Friday, March 4, 2011

del Toro Time: Hellboy


Hellboy (2004, Guillermo del Toro)

‘Give Evil Hell’

The tag line quoted above graced the theatrical trailers of 2004’s Hellboy. Heavily marketed and highly anticipated, it was a dream collaboration between a filmmaker and a comic book artist who both showed unabashed love for marvellous and terrifying creatures. The director, of course, was Guillermo del Toro and the comic artist-writer was Mike Mignolia. Fantasy action fans geared up to rejoice in what promised to be one hell of a good time. The tag line was suitably chosen play of words. The ‘Hell’ in question is one of the more unique anti-superhero creations to emerge from the world of graphic novels, a man-sized demon straight from the underworld, but rather than wreaking havoc on humanity, he is trained to protect us from havoc. Guillermo del Toro’s understanding of the character goes far beyond what the adrenaline induced tag line has in mind. Despite appearances, Hellboy represents qualities human beings should convey but often fail to.

The film offers a little bit of history for the uninitiated by re-writing history itself as we understand it. During the latter stages of the second World War, Hitler commissions a terrible sorcerer by the name of Grigori Rasputin (Karel Roden) to break the barriers between Earth and the beyond by unleashing a demon onto humanity. The Allied forces, aided by a professor who specializes in the occult, Trevor Broom (John Hurt), foil the Nazi plan to a degree, although a baby demon still manages to pass through the created portal. With Rasputin temporarily defeated, professor Broom adopts the demon into his home and brings him up to be a good person, one who will help in the fight against those who wish ill upon the world. The demon is lovingly baptised Hellboy (Ron Perlman), who, along with love interest Liz Sherman (Selma Blair), an emotionally repressed woman who can launch blue fire from her hands, and Abe Sapien (physically interpreted by frequent del Toro collaborator Doug Jones, although voiced by David Hyde Pierce), a ‘giant frog’, venture into the night to smash monsters. As members of the BPRD, the Bureau of Paranormal Research and Defence, they are quite the force. Things take a complicated turn the day Rasputin announces his miraculous return from the dead, as well as the arrival of a young FBI agent at the BPRD, John Myers (Rupert Evans), who takes a liking to Liz, much to the dismay of Hellboy.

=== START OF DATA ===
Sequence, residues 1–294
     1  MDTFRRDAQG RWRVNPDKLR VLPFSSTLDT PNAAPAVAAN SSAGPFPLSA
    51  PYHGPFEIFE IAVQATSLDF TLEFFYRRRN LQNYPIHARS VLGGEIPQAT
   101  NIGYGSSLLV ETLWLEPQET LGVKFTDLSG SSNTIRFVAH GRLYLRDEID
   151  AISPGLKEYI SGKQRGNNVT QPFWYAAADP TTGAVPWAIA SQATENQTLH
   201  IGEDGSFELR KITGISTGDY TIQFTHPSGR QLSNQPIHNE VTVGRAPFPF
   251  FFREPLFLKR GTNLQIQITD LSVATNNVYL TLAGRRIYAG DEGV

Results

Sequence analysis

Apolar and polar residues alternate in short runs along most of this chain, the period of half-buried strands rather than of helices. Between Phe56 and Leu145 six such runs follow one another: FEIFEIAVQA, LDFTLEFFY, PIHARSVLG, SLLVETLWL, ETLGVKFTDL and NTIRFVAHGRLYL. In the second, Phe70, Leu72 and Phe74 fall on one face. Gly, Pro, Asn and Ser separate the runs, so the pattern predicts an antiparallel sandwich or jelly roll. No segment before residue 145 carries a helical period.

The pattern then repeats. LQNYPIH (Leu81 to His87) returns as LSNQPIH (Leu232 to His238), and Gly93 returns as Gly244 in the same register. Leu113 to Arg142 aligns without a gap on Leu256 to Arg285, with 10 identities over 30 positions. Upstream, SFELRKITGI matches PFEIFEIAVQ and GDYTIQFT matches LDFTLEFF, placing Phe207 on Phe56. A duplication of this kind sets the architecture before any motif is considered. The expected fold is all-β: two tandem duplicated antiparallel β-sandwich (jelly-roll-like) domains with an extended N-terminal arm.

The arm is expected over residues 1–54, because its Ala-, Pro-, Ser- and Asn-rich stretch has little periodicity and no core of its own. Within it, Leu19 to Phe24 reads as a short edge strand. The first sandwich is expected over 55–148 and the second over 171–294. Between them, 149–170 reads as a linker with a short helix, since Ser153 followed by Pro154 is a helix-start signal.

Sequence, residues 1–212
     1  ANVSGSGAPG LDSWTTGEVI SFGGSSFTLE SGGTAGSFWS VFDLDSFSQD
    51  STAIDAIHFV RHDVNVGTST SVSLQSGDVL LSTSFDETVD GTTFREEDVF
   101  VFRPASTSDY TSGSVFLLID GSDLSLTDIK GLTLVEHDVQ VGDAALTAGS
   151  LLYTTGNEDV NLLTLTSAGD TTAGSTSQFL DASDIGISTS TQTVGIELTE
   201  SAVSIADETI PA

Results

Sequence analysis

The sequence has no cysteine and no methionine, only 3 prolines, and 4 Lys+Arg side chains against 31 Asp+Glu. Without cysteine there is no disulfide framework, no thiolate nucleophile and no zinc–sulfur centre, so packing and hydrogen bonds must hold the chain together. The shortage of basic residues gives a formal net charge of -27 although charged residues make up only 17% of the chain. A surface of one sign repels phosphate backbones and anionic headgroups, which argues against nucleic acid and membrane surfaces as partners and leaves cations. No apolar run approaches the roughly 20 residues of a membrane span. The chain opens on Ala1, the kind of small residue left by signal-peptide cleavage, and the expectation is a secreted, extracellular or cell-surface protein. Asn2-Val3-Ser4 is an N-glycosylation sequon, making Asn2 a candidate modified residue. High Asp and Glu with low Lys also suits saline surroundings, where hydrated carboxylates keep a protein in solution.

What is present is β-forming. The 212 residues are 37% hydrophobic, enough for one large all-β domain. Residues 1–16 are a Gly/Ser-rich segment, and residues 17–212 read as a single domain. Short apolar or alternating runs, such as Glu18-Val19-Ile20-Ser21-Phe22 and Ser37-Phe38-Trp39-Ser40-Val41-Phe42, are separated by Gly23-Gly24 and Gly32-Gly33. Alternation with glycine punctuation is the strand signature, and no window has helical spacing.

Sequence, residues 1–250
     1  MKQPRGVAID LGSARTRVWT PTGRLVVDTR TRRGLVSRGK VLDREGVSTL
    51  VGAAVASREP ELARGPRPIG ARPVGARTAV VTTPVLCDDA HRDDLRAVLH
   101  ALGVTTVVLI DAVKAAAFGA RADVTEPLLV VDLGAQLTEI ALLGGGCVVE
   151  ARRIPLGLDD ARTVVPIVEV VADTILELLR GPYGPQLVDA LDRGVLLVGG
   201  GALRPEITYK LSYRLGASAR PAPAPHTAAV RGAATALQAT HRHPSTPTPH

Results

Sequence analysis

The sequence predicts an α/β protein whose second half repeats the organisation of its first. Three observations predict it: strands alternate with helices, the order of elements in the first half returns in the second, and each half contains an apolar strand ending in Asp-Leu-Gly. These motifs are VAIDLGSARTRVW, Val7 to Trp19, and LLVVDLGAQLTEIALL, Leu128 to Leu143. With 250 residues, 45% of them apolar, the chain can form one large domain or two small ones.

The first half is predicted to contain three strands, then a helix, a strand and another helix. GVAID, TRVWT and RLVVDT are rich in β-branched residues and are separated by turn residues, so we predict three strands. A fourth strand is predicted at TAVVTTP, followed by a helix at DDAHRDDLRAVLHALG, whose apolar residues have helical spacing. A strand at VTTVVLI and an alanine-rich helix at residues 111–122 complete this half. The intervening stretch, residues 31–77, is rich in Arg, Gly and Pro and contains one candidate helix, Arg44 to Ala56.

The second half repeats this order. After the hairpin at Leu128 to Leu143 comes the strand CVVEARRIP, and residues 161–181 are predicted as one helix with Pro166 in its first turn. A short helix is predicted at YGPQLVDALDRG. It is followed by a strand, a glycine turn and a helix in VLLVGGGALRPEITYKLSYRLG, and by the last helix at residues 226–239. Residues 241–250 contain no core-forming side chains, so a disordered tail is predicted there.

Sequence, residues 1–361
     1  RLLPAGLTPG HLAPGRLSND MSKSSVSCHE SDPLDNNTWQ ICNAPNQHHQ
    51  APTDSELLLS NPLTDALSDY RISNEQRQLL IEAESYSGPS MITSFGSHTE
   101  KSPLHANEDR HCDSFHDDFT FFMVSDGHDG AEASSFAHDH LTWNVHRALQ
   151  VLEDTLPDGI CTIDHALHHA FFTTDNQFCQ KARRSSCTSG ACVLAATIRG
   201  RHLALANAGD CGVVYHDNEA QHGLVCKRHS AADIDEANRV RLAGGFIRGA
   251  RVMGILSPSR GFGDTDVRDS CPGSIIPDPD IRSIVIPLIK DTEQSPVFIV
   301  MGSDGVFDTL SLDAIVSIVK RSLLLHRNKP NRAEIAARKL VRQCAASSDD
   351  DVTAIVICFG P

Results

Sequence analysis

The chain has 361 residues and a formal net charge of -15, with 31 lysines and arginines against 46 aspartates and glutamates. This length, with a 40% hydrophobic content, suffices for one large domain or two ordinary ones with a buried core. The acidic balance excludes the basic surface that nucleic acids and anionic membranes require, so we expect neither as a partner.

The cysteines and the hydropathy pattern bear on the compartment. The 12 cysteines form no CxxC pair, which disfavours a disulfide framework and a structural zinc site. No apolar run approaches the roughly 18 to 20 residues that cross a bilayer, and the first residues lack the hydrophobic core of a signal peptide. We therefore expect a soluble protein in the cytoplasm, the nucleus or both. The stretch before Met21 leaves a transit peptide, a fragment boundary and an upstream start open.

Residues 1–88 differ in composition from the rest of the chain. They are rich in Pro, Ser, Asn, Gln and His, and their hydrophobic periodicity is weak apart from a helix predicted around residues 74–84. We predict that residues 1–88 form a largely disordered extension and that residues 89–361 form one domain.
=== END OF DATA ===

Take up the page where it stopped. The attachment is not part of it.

There is an undeniable joy to Hellboy which lifts it above the vast majority of other films inspired by comics and graphic novels. With a cursory look at the nature of the material, this accomplished sense of fun might arrive as a surprise. Demons, emotionally challenged fire wielding women and monsters that lurk the alleyways and sewers? What dramatic pull the movie possesses we shall analyze in just a moment, but before engaging in a serious minded, pseudo-intellectual dissection of Hellboy’s thematic resonance, it needs to be made clear that Hellboy is a must see for fans of action comedies, especially those decorated with elements of the fantastic. Everything sublime of the film revolves around one ingredient, that being the character of Hellboy himself. If the titular character does not work, whether through the writing or the acting, than all else suffers. Suffice to say that Hellboy is one of the most engaging central figures in a film to come around in a long time. Part of it has to do with the nature of the beast (he is a freaking demon! With a giant stone hand!), the rest of the credit rests squarely at the feat of the actor performing underneath the mountains of makeup, Ron Perlman. Few actors in the business can play cranky and nasty as Perlman can. He imbues Hellboy with a lovable brashness which both exacerbates his superiors and sometimes his father, all the while entertaining the audience with wise cracks. Once again, that tag line we have already discussed comes into play. He does not simply represent hell because he comes from the region, he is a living hell to be around for some. Hellboy embarks on his missions equipped with the latest technological advances in weaponry, but his mouth can often defeat the most patient of partners. Always one to retort with a low-ball verbal attack or two, Hellboy has plenty of fun vaporizing enemies and terrorizing the-would be terrorists. For all the talent on display in the shape of Doug Jones, the wonderful John Hurt (who plays the part of professor Broom, father figure to Hellboy, beautifully) and the icy Selma Blair, it is Perlman who truly shines. His casting was the coup-de-grâce, a case where it becomes incredibly difficult to imagine who else could play better once one has seen the film.